But what’s a citizen to do with all these numbers? Which should she pay attention to, which should she ignore? And what do they all mean?
I can’t answer every question that’s out there. But let’s examine some of these numbers.
First: In my last column, I explored the idea of exponential growth, and how it makes Corona the dangerous spectre it is. The growth is most visible when you plot it on a graph of the number of cases versus time. Almost invariably, the curve you get will follow a familiar path: gradual growth for a fairly long time, then the curve starts to steepen, almost imperceptibly but soon almost vertiginously. By the time it reaches the right edge of the graph, the curve is close to vertical.
The worry, of course, stems from that very near-vertical nature of the curve. As it should, of course. After all, what does that steepening mean? That it takes ever shorter slices of time for the same increment in the count.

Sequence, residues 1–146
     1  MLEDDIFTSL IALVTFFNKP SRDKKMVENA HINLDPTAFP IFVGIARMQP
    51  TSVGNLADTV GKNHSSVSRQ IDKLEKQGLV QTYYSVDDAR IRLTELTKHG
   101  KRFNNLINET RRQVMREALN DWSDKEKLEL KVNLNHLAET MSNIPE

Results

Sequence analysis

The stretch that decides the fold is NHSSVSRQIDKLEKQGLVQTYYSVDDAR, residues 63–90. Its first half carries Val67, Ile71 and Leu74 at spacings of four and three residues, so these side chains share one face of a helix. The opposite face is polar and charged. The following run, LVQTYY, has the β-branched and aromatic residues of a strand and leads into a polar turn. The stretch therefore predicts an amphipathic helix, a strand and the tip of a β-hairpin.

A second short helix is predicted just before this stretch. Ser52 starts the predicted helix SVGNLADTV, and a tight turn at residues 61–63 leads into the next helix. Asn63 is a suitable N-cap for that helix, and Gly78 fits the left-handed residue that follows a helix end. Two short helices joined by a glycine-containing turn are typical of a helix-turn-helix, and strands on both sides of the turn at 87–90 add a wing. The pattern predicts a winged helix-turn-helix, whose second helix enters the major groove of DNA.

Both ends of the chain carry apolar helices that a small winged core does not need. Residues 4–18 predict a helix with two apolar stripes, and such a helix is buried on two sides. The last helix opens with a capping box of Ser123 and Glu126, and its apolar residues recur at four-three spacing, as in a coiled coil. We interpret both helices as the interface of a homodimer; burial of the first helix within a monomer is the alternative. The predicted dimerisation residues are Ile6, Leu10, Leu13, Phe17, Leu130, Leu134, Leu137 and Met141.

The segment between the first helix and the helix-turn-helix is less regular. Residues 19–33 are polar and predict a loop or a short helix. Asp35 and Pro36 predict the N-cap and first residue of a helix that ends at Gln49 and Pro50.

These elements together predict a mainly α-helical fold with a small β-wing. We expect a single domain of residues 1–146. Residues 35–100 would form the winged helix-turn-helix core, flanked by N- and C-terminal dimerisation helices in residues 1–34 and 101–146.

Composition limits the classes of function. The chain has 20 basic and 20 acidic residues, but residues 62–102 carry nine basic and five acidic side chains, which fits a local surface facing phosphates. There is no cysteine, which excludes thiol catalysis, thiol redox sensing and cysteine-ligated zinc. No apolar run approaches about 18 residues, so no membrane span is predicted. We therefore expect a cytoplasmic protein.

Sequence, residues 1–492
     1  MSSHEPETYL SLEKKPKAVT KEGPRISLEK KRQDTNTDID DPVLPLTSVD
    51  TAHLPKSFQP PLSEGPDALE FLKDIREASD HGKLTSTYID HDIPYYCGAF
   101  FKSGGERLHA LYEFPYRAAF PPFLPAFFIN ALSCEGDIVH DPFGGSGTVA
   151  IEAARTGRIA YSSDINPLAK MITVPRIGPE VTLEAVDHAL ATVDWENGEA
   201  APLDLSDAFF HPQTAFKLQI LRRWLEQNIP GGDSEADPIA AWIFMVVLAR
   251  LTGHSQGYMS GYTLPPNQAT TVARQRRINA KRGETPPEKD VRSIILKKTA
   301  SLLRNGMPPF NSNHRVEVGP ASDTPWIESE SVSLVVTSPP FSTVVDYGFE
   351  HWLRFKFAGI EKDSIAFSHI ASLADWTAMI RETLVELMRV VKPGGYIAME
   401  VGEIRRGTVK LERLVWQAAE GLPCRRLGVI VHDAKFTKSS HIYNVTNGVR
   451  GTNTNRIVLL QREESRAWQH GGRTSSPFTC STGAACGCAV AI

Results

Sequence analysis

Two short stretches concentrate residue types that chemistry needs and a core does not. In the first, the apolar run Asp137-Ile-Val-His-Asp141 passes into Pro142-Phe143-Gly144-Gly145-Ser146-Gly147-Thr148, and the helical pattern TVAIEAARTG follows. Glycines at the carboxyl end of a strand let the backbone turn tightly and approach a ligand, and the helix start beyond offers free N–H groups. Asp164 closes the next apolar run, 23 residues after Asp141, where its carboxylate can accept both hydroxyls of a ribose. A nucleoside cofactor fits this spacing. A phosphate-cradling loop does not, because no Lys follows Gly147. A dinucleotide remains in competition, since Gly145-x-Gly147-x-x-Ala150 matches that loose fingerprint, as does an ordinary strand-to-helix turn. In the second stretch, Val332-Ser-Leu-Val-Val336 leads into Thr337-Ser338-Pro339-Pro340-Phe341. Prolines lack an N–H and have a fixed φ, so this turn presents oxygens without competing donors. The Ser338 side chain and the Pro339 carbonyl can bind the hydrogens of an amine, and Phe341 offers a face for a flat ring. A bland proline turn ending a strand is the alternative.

For example, I’ve been keeping track of the coronavirus infection numbers in India over the last several days, and this is how they went up. (These are from three different trackers, one of which seems to have folded and another went through long spells without updates, so your numbers might vary).
0 to 100: several weeks.
100 to 200: about 4 days.
200 to 300: 30 hours.
300 to 400: 40 hours.
400 to 500: 11 hours.
(The Prime Minister made the same point when he spoke to us on Tuesday night, speaking of the first 100,000 cases in the world and then the next 100,000 cases).
Call the 300-400 increase (40 hours) a blip. The rest show that the increment of 100 cases is taking less and less time: a classic characteristic of exponential growth. And this is one reason this kind of growth is frightening. Maybe there’s a time coming when in the five minutes it takes you to read this column, 100 more Indians will have been infected. Maybe soon after that it will happen in the time you take to read this sentence. For all our sakes, it must not get there.